Every year many people come up to us and ask this question: Is it true that it always rains 90 days after fog? To the meteorologist, this is an unexpected question, because nowhere does such a formula appear in any textbook. We usually reply no, albeit in a more polite fashion, although has anyone ever checked?
This is actually a very easy thing to check. We simply identify all days with fog, then check how many had rain 90 days later. However, it’s actually not so simple. For one, the 90-day rule varies by person. Some say 60 days, some say 80-90 days, some say 90-100 days, so which is it? Also, what is considered rain? Most people interpret this to mean a significant storm, but what qualifies? Is 10 mm a big storm, or 20 mm, or 50 mm? Or does this mean any amount of rain? The uncertainty in the criteria is probably part of the reason this formula seems to work.
We put this to the test for three major cities on the Prairies: Winnipeg, Regina, and Calgary. And since there’s uncertainty in the criteria, we checked at 30, 60, 90, and 120 day intervals. We also checked how often there was any rain (>0.01” / 0.2 mm) more than ¼” (6.4 mm), ½” (12.7 mm), 1” (25.4 mm), and 2” (50.8 mm) of rain. The results may surprise you.
The probability of any rain was obviously the highest, but it was still under 40% in all cases. But as you get into the significant rain categories, the numbers drop off significantly. By the time you get to 2”, the number of times it worked is well under 1% – in some cases it has never worked!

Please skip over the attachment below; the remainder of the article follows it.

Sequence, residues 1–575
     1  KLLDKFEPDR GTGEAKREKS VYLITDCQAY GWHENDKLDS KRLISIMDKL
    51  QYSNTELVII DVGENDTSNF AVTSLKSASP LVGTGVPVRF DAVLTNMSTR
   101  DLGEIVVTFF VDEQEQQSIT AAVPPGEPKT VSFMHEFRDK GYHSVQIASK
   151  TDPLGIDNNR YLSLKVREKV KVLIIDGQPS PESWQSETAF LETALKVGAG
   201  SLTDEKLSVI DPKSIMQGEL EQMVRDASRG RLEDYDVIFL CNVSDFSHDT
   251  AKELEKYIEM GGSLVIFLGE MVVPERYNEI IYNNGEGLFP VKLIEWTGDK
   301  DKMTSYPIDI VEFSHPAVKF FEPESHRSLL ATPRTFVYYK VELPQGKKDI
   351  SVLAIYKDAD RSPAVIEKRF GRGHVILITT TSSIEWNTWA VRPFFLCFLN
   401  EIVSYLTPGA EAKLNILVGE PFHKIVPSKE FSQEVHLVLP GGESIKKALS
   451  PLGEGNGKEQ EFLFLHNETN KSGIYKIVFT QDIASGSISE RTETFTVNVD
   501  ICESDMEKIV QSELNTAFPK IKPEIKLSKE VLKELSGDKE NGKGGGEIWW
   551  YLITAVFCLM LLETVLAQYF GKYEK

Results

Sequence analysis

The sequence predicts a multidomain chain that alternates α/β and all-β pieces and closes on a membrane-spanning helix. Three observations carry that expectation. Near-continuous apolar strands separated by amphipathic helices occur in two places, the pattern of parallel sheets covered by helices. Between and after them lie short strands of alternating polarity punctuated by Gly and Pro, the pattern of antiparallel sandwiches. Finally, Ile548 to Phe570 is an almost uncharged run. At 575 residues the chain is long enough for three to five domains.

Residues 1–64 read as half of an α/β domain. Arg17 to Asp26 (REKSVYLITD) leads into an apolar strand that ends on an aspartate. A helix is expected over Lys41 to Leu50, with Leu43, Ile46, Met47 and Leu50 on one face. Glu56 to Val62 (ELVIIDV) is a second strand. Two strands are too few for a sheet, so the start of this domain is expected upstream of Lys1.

So why does it seem to work?
- During the late spring and summer, significant rains are fairly common on the Prairies. Southern Manitoba normally receives over 200 mm in May, June, and July, so there’s bound to be a few significant rains in there in a typical year.
- There is uncertainty in the criteria. If you mark fog on the calendar, then it rains about 90 days later, it has appeared to work. But the word “about” is the key one. So if it rains 85 days later does that count, what about 95 days? The larger the window you give, the more likely it will happen just by chance.
- We only remember when it works. If it doesn’t rain 90 days after work, you probably don’t remember it, but when it works you do remember.
One strange thing about this legend is that there doesn’t appear to be an origin to it. We tried to find out where this came from and why, but couldn’t find anything.
In conclusion, the rain 90 days after fog legend is a pure myth. It only seems to work based because rain was likely to happen anyway. Don’t believe us? If you’ve marked fog on your calendar consistently, we can check for you. But we need a big sample, just showing that it worked once or twice doesn’t cut it. For our stats, we used over 2000 fog days since 1953 as a test. So we’ll need more than a few examples to be convinced!